Brady Introduces Compromise Budget to End Impasse
LATE BREAKING: The appropriations measure (SB 2214) was filed late Wednesday afternoon before the close of business and the additional five measures to be filed on Thursday morning.
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SPRINGFIELD – As the beginning of another fiscal year without a state budget looms, Senator Bill Brady (Bloomington) has taken action, introducing a compromise balanced budget, designed to work with reforms introduced today in the House. Brady’s full, balanced Fiscal Year 2018 budget protects the state’s most vulnerable citizens, while reining in spending and setting Illinois on a more firm fiscal footing going forward.
Brady notes that his budget is not new, but rather builds on the budget he introduced earlier this spring, taking into account the bipartisan negotiations that took place in May which Democrats walked away from.
“Throughout months of negotiations I have maintained that Illinois needs a balanced budget. That is what I am introducing,” said Brady. “My legislation, working in concert with the compromise reforms introduced earlier by my colleagues, will provide the people of Illinois with a balanced budget and end this impasse.”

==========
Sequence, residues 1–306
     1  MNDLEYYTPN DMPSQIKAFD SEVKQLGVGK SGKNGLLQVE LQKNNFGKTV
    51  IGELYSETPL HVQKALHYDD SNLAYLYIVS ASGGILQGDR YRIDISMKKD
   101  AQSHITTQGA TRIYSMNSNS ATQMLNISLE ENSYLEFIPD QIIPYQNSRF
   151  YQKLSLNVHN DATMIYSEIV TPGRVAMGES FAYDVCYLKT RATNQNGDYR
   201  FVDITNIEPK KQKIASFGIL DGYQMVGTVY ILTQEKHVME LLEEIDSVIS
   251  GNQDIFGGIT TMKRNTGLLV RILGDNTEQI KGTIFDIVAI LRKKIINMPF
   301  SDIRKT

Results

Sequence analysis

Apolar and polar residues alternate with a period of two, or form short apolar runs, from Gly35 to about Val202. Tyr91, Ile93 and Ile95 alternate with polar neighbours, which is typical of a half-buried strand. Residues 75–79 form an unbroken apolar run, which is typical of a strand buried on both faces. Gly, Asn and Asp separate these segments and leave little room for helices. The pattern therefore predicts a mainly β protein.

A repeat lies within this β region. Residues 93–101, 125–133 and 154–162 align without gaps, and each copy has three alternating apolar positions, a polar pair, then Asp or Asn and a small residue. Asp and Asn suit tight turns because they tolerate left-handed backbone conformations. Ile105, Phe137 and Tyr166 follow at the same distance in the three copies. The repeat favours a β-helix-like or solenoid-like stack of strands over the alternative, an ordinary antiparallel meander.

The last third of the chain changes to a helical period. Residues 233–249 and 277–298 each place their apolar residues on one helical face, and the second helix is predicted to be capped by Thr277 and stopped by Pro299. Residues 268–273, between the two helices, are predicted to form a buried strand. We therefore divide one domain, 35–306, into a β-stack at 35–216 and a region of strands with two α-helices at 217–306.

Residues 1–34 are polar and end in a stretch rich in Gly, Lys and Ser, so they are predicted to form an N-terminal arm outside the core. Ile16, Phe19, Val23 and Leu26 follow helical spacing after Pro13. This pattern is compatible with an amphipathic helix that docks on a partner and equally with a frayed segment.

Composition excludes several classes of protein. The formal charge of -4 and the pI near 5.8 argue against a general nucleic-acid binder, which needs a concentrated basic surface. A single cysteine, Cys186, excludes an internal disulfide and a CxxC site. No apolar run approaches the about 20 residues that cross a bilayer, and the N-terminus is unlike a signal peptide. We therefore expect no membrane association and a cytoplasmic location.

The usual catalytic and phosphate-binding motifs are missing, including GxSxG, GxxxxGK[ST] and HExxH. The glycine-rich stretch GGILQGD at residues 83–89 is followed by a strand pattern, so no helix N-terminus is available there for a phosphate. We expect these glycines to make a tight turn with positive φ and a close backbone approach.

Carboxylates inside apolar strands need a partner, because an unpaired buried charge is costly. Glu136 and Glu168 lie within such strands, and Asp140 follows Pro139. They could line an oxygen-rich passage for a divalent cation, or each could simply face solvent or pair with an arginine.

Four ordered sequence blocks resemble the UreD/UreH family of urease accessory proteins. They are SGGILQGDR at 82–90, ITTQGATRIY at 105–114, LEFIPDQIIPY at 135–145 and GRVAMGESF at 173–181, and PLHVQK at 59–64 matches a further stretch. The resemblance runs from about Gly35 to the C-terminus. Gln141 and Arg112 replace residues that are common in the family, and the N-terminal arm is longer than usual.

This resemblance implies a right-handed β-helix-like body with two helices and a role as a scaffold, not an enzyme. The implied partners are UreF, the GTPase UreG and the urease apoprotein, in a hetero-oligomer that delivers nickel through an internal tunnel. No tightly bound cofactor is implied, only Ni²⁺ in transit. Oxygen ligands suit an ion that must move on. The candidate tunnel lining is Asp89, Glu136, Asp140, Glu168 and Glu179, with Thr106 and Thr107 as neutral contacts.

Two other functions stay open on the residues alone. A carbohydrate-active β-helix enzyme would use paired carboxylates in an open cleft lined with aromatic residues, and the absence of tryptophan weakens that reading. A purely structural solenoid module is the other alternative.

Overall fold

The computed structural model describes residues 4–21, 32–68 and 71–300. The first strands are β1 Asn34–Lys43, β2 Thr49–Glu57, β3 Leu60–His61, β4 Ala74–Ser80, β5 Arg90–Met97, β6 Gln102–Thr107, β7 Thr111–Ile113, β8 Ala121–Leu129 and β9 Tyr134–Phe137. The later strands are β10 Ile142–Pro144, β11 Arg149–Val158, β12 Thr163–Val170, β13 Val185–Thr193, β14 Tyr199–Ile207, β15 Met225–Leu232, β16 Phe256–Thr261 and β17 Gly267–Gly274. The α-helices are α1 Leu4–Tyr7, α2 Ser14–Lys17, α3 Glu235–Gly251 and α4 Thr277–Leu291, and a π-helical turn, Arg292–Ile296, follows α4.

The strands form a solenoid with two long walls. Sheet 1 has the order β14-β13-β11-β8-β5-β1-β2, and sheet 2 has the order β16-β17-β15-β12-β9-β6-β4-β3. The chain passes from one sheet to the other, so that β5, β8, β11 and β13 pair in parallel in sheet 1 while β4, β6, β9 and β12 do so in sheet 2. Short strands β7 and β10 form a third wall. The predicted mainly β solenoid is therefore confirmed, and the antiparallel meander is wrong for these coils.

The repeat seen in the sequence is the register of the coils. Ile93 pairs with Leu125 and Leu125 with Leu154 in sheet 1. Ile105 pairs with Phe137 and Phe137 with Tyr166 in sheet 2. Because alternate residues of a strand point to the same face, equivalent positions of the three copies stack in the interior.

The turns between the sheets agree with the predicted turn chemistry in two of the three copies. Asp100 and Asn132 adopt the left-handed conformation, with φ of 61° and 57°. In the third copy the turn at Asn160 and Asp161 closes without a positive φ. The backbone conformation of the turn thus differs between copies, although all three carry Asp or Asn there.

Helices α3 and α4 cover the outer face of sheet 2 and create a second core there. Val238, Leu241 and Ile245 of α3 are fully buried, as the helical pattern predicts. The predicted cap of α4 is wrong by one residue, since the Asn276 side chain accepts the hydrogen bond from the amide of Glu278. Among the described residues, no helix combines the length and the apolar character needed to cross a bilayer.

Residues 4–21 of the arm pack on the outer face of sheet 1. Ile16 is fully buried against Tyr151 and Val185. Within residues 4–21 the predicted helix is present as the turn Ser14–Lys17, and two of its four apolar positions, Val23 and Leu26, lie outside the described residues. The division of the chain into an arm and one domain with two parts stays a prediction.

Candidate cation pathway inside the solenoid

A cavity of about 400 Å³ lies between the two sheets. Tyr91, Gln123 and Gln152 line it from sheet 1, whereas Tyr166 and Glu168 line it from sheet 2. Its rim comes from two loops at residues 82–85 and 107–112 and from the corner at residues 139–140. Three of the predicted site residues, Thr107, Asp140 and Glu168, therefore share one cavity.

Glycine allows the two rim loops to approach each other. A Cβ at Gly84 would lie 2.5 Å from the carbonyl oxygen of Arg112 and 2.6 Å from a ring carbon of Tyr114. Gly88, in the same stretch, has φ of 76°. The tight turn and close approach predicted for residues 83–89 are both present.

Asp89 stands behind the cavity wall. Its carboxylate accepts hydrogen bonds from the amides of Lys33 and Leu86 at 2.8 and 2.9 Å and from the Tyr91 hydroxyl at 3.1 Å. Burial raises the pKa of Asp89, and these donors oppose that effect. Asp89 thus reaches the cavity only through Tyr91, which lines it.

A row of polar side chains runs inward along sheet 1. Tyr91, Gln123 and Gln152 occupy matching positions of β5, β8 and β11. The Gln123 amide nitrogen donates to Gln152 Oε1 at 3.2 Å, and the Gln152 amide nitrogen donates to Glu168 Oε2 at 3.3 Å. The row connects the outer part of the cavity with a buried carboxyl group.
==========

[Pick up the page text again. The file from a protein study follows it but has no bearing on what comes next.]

Brady’s proposal includes a total of six budget related bills that contain a balanced $36 billion operating budget for FY18. Additionally, Brady’s plan proposes appropriations to pay off remaining FY16 bills as well as the balance of FY17 appropriations. It also includes a hard spending-cap of roughly $36 billion in general funds.
“I have always said that any deal we pass must be fair to the taxpayers of this state, which is why my budget includes a four-year spending-cap of $36 billion. If our constituents have to live within their means, it’s time for their state government to do the same,” noted Brady.
Under the legislation, the state would be allowed to issue up to $6 billion in revenue bonds to significantly reduce the state’s backlog of unpaid bills, saving the state millions of dollars on late-payment interest costs.
Brady’s budget increases funding for K-12 education by $250 million for the new evidence-based school funding formula, as well as providing a $35 million increase for Early Childhood Education. The budget also includes $156 million in pension parity for Chicago Public Schools while reducing the controversial Chicago Block Grant by $200 million.
“This isn’t another lifeline, stop gap or band-aid budget. This is the real, balanced budget and compromise solution that the people of this state deserve,” said Brady. “It’s time for us to get back to Springfield, do the right thing, and pass this budget.”